Korea is in the middle of blame-shifting, as banks face more than 3 trillion won ($2.28 billion) in losses combined in the first half of next year from the sales of equity-linked securities tied to a Hong Kong index.
Financial authorities are considering creating guidelines for compensation regarding the sales of ELS products tracking the Hang Seng China Enterprises Index, seeing the possibility of banks’ misselling. The value of ELS products sold by Korea’s five major banks set to mature next year surpasses 13 trillion won.
Though the guidelines have yet to be finalized, it is expected to be similar in form to that of the derivative-linked funds and securities misselling crisis in 2019, focusing on the principle of suitability.
The compensation rate for the derivative-linked funds was set at up to 80 percent. Banks had to compensate more when they suggested “unsuitable” products to investors and less for investors with extensive experience in financial investments.
Similar to the derivative-linked funds crisis, top financial watchdogs are lashing out against local banks, accusing them of irresponsible sales of the derivative product. The financial authorities have led an investigation on local banks and brokerages for misselling troubled products.
“It is suspicious whether the principle of suitability was adhered to, considering that the high-level, high-risk products were sold to older people at bank counters at a certain period,” Financial Supervisory Service Gov. Lee Bok-hyun said on Nov. 29.
“Banks commenting they have prevention measures against consumer damages after having largely sold (the ELS products) sounds like an evasion of responsibility,” Lee said.
Some also point out it is irregular for banks to massively sell high-risk products.
“In developed countries, most banks refrain from selling ELS products because if the sales go wrong and they are accused of misselling, they will be fined heavily, sometimes even leading to the shutdown of business,” said Lee Hyo-seob, senior research fellow at the Korea Capital Market Institute.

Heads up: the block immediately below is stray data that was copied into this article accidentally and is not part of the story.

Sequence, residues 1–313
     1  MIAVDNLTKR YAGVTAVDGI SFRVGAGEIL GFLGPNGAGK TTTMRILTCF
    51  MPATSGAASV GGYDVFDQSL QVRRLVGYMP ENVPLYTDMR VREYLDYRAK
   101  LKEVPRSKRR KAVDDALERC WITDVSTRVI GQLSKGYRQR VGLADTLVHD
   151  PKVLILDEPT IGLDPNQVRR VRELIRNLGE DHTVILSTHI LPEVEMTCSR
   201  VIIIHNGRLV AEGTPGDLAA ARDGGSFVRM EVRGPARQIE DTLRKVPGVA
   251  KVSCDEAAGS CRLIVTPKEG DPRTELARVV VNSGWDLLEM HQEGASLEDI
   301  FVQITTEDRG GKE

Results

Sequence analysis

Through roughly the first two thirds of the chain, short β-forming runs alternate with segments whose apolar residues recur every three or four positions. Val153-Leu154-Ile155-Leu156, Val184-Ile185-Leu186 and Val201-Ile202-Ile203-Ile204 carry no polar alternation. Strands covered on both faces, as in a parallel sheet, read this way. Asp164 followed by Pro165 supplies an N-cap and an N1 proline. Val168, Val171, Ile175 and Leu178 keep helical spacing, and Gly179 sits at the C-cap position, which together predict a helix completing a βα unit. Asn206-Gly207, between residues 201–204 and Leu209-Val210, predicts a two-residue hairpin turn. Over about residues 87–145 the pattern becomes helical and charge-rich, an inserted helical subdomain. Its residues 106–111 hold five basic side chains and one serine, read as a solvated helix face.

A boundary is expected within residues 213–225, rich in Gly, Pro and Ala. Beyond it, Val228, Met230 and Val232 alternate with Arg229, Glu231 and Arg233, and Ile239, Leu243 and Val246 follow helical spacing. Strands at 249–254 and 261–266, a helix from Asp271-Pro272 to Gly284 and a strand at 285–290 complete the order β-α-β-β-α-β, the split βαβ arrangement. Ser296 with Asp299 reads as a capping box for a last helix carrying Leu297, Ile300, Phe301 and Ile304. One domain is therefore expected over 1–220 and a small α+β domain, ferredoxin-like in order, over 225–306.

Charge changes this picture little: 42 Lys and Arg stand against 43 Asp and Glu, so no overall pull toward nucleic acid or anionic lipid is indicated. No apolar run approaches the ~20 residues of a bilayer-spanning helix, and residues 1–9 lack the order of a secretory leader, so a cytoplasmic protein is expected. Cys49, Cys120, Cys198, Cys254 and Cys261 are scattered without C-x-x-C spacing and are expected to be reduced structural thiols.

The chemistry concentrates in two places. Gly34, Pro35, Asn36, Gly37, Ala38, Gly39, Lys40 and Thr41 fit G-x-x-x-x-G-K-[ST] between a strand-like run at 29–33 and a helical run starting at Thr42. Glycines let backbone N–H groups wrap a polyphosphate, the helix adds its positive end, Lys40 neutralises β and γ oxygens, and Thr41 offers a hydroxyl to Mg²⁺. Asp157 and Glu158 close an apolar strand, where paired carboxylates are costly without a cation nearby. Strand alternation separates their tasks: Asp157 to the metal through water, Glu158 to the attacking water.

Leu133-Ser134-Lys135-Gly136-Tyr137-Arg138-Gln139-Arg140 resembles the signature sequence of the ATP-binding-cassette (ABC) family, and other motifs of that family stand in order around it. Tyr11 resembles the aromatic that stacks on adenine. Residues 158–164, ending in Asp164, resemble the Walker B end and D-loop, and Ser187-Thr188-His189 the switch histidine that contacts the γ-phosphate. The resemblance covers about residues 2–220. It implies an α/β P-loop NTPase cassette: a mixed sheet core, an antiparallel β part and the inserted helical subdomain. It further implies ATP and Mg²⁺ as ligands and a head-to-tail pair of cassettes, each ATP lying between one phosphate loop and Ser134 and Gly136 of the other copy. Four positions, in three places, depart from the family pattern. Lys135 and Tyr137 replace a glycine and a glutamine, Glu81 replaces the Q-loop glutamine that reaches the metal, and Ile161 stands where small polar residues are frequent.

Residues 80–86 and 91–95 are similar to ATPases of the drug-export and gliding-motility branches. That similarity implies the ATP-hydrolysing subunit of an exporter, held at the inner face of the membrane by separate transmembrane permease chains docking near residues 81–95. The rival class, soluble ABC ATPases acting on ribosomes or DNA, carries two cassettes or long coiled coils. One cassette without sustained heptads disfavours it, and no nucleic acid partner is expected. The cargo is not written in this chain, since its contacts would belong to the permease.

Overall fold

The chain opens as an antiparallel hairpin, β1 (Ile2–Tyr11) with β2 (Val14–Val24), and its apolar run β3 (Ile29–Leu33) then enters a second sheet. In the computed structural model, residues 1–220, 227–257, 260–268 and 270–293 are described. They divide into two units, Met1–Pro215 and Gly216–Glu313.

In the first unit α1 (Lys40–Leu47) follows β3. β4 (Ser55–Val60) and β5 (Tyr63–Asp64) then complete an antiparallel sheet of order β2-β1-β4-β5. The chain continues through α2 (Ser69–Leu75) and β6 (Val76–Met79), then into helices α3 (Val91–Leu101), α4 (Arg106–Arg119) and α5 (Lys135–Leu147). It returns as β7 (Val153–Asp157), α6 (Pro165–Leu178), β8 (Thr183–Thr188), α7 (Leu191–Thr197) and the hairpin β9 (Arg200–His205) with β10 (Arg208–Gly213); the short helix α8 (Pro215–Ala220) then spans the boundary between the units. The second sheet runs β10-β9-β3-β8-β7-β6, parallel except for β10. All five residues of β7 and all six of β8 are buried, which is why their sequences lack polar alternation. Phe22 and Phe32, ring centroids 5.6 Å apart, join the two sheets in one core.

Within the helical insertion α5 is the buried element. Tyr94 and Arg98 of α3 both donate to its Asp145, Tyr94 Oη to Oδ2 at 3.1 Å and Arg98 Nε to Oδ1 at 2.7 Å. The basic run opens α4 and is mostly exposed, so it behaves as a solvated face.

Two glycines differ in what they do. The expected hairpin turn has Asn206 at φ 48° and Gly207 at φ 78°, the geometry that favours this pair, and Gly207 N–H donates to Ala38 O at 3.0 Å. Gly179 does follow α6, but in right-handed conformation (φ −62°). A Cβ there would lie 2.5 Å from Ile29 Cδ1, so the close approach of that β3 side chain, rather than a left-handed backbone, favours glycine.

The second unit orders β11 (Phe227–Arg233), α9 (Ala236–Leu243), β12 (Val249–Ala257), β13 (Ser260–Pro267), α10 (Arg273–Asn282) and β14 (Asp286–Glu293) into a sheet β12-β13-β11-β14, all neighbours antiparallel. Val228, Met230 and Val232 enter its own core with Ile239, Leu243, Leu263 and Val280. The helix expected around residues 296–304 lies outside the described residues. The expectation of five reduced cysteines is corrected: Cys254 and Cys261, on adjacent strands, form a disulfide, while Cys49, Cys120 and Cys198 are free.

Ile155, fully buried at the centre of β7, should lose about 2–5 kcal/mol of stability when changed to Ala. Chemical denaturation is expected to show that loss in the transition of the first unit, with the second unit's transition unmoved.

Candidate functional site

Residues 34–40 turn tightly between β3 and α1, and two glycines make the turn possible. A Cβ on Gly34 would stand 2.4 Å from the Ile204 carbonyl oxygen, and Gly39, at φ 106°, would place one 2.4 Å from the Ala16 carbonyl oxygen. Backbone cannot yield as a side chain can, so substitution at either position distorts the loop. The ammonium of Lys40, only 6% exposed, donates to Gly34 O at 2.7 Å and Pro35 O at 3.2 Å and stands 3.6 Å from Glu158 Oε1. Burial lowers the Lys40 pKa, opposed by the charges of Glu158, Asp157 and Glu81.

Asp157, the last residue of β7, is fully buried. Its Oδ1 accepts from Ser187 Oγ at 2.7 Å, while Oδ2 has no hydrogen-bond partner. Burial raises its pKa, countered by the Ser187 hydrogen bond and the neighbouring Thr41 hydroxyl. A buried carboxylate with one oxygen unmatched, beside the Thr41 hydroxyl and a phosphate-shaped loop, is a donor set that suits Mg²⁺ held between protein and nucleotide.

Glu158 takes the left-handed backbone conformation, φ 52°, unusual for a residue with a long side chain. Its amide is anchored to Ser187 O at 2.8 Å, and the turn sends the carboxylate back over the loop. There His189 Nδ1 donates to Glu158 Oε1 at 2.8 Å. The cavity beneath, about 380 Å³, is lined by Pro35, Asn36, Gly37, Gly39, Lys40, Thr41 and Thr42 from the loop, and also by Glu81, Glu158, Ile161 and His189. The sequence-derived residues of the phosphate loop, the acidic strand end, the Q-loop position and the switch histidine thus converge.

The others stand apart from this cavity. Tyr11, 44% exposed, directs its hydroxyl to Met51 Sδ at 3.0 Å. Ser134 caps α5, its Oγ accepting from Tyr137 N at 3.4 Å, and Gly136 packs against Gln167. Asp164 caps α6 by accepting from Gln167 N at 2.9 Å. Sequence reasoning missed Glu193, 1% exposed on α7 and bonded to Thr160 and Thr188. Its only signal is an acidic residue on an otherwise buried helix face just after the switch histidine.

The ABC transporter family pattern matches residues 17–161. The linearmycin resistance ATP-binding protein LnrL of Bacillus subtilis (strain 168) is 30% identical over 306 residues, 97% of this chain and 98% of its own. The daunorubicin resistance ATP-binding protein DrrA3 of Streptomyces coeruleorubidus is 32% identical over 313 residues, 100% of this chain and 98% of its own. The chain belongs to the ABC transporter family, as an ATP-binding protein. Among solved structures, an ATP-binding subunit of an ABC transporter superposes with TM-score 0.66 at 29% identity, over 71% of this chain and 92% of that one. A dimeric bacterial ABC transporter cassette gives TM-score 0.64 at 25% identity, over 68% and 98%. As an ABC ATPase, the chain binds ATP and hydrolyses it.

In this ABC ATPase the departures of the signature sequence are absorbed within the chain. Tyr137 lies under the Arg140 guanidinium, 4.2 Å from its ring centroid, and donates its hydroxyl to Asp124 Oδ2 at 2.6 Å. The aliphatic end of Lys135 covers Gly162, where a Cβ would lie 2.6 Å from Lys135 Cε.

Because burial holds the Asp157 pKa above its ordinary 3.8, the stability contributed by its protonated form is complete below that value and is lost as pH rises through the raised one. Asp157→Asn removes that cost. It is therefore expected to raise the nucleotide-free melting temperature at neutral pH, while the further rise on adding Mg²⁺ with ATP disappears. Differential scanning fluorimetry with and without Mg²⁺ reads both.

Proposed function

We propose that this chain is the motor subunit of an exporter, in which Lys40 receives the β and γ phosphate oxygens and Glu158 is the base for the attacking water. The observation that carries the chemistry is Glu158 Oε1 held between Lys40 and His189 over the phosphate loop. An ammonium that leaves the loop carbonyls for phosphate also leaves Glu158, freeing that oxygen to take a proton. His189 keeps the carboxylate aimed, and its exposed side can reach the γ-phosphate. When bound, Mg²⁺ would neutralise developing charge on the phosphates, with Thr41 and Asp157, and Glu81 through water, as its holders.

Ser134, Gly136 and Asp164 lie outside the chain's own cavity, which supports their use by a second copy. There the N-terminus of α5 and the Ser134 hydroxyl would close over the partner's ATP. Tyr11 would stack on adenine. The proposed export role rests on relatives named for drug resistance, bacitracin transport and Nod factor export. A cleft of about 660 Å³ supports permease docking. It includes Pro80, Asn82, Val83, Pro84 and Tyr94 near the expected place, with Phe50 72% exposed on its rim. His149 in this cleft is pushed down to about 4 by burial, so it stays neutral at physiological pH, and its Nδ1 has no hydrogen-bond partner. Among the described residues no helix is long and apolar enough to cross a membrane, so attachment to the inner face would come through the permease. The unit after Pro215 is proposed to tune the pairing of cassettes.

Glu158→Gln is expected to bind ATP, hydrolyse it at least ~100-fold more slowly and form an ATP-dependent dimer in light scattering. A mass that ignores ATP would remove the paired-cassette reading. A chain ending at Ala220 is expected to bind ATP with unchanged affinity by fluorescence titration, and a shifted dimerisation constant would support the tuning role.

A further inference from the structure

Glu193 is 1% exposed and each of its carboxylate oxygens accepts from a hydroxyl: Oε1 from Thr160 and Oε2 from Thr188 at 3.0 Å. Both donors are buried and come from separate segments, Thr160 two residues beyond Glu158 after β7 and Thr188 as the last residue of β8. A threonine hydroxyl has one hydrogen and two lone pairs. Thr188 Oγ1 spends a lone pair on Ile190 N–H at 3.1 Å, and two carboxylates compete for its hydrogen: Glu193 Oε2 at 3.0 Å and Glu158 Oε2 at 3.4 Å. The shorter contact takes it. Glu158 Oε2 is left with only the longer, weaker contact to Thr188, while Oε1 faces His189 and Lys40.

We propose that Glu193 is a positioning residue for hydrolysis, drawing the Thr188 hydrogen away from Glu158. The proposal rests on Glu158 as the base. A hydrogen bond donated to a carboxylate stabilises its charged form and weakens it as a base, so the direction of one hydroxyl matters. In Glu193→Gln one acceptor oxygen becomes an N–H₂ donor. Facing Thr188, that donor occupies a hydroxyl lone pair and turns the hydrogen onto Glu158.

"Korea has seen large sales of derivative products in recent years, perhaps because the penalty of misselling is not as heavy as other countries," Lee said.
While the banks have halted the sales of the ELS products, they continue to remain cautious.
“As the losses have not yet been finalized, we are not discussing the banks' responsibility yet,” an official from a local bank said.
“Some think that the authorities have taken into consideration the fact that there are more customers who have resubscribed for the ELS products, and how the sales were made after the regulations were enhanced following the enactment and imposition of the Act on the Protection of Financial Consumers,” the official said.
The Consumer Protection Act mandates financial companies to comply with consumer protection measures including the “six conduct rules” of suitability, appropriateness, duty to explain, prohibition of unfair sales practice, prohibition of improper solicitation and advertisement regulations.
Market watchers say the compensation rate for ELS sales could be lower than that of the DLF crisis, as banks sold the product under tighter measures.
“As there have been compensation measures for cases of the financial industry’s misselling crisis, such as real estate fund and private equity fund crises, the ELS crisis is likely to follow the procedure,” said analyst Jun Seung-bae from eBest Investment & Securities.
“But considering a large percent of ELS investors are those who have resubscribed for the products, the compensation rate is likely to fall lower than that of the DLF crisis,” Jun said.
Furthermore, financial authorities could also be subject to responsibility for not having further regulated banks’ sales range, market experts viewed.
“The authorities are also to take the blame. Korea went through a very similar crisis in 2019 with the DLF incident. They could have come up with specific regulations controlling the banks’ responsibilities,” according to a market researcher who requested anonymity.